Estimating for 2007/08
Fylde's draft budget plans for next year have just been published, and they have some shocking implications for Fylde Council Tax payers. This first level of budget preparation is the main item on the Politburo agenda next week, and despite the Commissar's £340k excess profit from last year, he now suggests they need an extra £841k to spend, over and above what they would normally plan to raise. Dedicated number crunchers amongst our readers can see the full report on FBC's website.
They need the extra money because:
Trying to find an extra £850k in a budget already stretched by ineffective spending, mushrooming overheads and consultancy costs, is not an easy job when the Government has said it will limit you to no more than a 5% increase.
- The will pay an extra £200k in salary and wage increases.
- They expect to pay an extra £250k in bus fares for OAP's (having already snaffled a sum like this from the extra cash they were given in the first place - see 'Budget Busting Bus Blues' )
- They can't charge some of their staff salaries to capital schemes because these schemes have now ended (£193k)
- They need to provide for future pensions - £90k
- The Government is cutting back payments for doing some of its benefits work, reducing Fylde's income by £57k
- They will have to pay interest on borrowing for future capital works, (their money from council house sales has now more or less dried up). The estimate this will cost about £30k next year
- They want to spend on what they call "Investing further resources in beach safety." This follows the money they spent on the "Safer Sands" consultancy last year, and will cost an extra £21k next year.
Fylde has two alternatives to sort the job out.
The first proposes changes to working arrangements that would further cut expenditure and increase income. They think this would produce between £850 and £980K.
The proposed changes are graded as high, medium and low impact.
Losing an accountant (saving £24k) is considered high impact, and increased income from swimming lessons (also £24k) is considered low impact.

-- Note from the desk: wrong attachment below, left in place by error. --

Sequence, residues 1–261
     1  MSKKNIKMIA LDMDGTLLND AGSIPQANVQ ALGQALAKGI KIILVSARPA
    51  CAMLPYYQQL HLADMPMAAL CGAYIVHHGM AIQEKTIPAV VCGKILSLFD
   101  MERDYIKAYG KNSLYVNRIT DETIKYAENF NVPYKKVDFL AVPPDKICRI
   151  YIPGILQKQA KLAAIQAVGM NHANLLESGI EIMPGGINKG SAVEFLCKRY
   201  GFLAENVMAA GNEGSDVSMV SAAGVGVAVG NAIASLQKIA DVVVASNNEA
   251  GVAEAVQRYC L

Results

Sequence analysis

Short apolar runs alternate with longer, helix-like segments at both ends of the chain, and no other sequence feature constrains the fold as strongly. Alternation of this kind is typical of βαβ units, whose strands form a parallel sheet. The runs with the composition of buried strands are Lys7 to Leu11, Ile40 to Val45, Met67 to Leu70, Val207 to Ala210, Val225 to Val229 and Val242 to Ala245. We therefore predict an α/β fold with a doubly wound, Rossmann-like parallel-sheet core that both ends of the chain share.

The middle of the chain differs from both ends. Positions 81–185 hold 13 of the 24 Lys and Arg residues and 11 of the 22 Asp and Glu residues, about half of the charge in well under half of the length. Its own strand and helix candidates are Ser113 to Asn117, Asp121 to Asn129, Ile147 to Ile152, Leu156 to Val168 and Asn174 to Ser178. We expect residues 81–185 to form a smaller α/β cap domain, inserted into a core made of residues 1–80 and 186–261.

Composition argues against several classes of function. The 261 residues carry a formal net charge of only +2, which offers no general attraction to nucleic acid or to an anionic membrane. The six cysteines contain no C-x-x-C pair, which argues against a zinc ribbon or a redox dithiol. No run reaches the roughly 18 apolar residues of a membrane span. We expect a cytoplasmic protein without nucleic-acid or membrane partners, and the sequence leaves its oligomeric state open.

The cuts include £80k savings on property maintenance, and several small sums achieved by not filling staff posts, including the accountant, benefit fraud investigator, pest control officer, several trainee posts, and a conservation officer.
However most of the 'savings' are theoretical expectations of increased income.
This is notoriously difficult to predict with accuracy.
Notably their extra income includes £150k of easy money from (yet another) a raid on reserves.
It also includes £100k in theoretical income from the new trading company (more about this in a future article, but it's not such good news); and more income is expected from sandwinning (54k).
They also considering increasing the Council Tax by 6.4% (raising £70k), charging election expenses to parish councils (which means Parishes will have to charge their residents an extra £40k), and raising another £30k from sponsorship income.
Mums can expect to pay at least another £24k in swimming lesson charges, and Dim Tim plans to raise another £25k from parking charges. You can hear the groans building up from here.
Amazingly, one of the quotes in this section of the report says ".... those savings rated as high impact would place severe strain on the Council's corporate capacity and ability to maintain its financial competence". (Implying it is financially competent now!)
The second option is to use what they describe as low and medium impact savings (like those listed above) to get most of the savings, then to implement a variation on the Commissar's beloved 'Equitable Taxation' scheme.
It seems that nine or so parish councils have been hoodwinked into believing they will be better off if they charge a parish rate for looking after parks and open spaces.
Most of these parish councils own their own parks, but currently they get paid to maintain them from a communal pot funded by FBC (so everyone in Fylde pays in an equal share from their Council Tax)
Under the Commissar's plan, Town and Parish Councils will charge people the cost of looking after the parks in their own patch, and they will expect Borough Council to reduce its charge to them by the same amount - so their residents will be no worse off overall.